Jaya Mehta on her book Nritya Katha: 'It is my journey as a young Odissi dancer that shaped this book'

Jaya Mehta on her book Nritya Katha: 'It is my journey as a young Odissi dancer that shaped this book'

Jaya Mehta on her book Nritya Katha: 'It is my journey as a young Odissi dancer that shaped this book'

Nritya Katha: Indian Dance Stories for Children, is a collection of stories about Indian dance forms. The book is written by Odissi dancer, educator and author, Jaya Mehta.

India is the dance capital of the world, with eight classical dances and hundreds of regional dances! Nritya Katha unravels eight classical dance forms, and two regional dance forms in the form of stories for children. Through a child’s intimate, magical, personal journey, the stories unravel the fascinating contexts of each Indian dance form: their art, architecture, costumes and crafts.

The international collaboration with illustrator, Natalia Suruba has lead to the book’s exquisite illustrations of the dance costumes, dance festivals, temple architecture, rural and urban landscapes. The book is published by the National Book Trust of India and its international quality of book design is by book designer Swati Chakrabarti.

Inspiration behind the book

In a recent statement, when asked about the inspiration behind the book, she revealed, “It is my journey as a young Odissi dancer, who became a mother of two that shaped this book. When my children Revant and Ananya were little children, I loved reading storybooks to them every night.”

She added, “I found fascinating picture books about Ballet, Flamenco and even Balinese dance. I wondered why India has eight classical dances, but we have no illustrated storybooks about Indian dances for our children. To address this lacunae in Indian children’s books and cultivate a sense of cultural pride in our children, I wrote Nritya Katha. My need to reach children, was also shaped by the dance workshops I created like ‘Mum, ME and Odissi’ and ‘Discover India’. These workshops were all about innovative ways to connect our beautiful aesthetics, arts, stories and festivals with dance. I wanted children to think about why an Odissi dancer wears only silver filigiree jewellery? Why do we celebrate Diwali on different dates every year?”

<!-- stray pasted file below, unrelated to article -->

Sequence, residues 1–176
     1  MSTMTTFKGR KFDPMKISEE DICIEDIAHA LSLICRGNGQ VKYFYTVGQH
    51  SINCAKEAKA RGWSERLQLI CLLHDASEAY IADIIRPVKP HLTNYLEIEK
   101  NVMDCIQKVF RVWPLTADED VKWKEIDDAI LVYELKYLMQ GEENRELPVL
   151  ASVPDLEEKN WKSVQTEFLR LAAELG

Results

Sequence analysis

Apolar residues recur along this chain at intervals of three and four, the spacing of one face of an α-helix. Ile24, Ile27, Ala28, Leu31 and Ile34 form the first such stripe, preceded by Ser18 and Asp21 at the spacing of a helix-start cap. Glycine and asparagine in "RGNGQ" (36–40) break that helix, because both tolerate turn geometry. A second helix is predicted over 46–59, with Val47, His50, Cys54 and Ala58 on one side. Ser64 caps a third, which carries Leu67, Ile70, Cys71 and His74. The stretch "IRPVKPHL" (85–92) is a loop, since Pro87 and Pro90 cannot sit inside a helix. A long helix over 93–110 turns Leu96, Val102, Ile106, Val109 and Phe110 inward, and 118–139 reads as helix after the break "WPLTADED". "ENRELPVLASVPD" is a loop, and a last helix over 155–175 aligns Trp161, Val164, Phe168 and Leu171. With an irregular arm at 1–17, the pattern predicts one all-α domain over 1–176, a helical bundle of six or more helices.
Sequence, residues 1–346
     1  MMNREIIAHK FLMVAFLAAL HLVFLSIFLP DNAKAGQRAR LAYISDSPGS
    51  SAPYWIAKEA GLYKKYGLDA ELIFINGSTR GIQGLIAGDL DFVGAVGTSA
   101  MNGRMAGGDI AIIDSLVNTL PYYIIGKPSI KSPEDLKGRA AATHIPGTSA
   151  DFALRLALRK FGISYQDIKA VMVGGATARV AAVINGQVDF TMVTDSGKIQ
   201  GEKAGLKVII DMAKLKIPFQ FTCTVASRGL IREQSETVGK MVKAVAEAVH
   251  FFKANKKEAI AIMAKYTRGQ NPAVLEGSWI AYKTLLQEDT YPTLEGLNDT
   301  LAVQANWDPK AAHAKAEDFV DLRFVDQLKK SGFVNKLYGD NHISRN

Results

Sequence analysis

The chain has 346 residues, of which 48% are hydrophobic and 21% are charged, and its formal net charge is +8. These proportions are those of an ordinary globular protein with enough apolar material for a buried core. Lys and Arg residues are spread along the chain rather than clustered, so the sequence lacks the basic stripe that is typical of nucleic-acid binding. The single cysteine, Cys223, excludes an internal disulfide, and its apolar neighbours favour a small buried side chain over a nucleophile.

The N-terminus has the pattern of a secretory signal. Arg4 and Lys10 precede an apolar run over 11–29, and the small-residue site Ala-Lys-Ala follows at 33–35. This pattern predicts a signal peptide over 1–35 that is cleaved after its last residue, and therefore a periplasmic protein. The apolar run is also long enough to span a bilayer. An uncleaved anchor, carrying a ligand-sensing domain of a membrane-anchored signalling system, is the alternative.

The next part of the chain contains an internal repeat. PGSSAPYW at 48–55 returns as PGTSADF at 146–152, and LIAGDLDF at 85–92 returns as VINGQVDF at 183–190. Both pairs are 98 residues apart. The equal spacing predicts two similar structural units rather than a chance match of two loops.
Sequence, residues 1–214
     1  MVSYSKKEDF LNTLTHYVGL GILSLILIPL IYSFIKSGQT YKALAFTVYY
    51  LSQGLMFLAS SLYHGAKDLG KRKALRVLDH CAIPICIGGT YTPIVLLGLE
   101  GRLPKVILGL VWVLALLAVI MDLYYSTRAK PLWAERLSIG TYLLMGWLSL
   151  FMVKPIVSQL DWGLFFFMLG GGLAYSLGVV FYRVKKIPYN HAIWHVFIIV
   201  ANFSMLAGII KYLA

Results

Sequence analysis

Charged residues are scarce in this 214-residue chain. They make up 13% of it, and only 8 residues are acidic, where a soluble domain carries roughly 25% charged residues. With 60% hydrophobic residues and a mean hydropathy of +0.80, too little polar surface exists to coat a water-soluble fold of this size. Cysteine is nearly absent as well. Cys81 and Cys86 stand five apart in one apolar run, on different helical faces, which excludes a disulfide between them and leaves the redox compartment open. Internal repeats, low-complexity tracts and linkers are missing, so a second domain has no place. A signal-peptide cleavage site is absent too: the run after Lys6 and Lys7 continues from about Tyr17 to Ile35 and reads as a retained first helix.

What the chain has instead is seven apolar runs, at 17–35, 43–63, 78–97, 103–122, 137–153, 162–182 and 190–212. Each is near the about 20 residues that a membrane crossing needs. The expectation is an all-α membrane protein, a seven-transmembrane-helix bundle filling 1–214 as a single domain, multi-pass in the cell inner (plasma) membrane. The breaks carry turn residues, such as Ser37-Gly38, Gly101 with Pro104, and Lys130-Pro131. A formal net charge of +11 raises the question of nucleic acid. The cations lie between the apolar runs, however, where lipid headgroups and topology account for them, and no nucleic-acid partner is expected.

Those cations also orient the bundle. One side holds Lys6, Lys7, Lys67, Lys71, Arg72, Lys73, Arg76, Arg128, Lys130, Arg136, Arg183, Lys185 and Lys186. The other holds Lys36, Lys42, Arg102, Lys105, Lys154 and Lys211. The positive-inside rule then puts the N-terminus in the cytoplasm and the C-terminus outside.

She further revealed, “In the book Nritya Katha, I have continued with my idea of dance as a kaleidoscope, that connects us to our fascinating rituals and traditions, and creates powerful well being for the mind. The child is at the centre in every story, as I must share with the young readers what I have imbibed from my study of Indian art, history and classical dance. I hope that each child that reads the stories, find their own associations about themselves and the Indian-ness within. All of this was accomplished through beautiful illustrations and visual design that leapt off the page, to engage with the young ones.”

Thought process and methodology how important is the dance for the Children.

I believe children must receive dance with its context and not just as a series of steps. Like we read literature, with the context of its times, dance is a beautiful example of diversity. The dances of India reflect the astonishing diversity of our states: the white and gold traditional saree of Kerala, takes shape of the costume in Mohiniattam; The 108 shiva sculptures of the Chidambaram temple, form the inspiration of movement in Bharatnatyam while the headgear of Odissi is made of shola pitha, traditionally used in eastern India. How this diverse art, craft and culture reflects in our dances would make a fascinating way to study India. In this manner educators and parents can connect history, geography, art, craft, movement and culture through a study of Indian classical and regional dance forms.

That children be able to dance barefoot and make a connection with mother earth is also a wonderful way of grounding, and their use of mudras is an expressive awareness of their hands. This ‘being in their body’ awareness, can further take flight through the storytelling aspect of Indian dances, with its full gamut of imagination and emotions. In Nritya Katha, Aadi, a shy boy finds moving like animals a fascinating aspect of learning Chau with his guru. On the other hand, a girl Saanvi who loves storytelling, loves the stories she gets to dance and depict in Kuchipudi.

So, for every kind of child, whether they are shifting homes and making tough transitions, or those whose imagination loves to take flight, dance offers a refuge and a new community to belong to. The Dance diversity of India, is also a beautiful way to create self-pride in our young children. Parents also seek ways to give culture to children, and the easiest way is to read to them stories like Nritya Katha that revel in India, being Indian and feel like a journey through many states of India!

Read all the Latest NewsTrending NewsCricket NewsBollywood News,
India News and Entertainment News here. Follow us on FacebookTwitter and Instagram.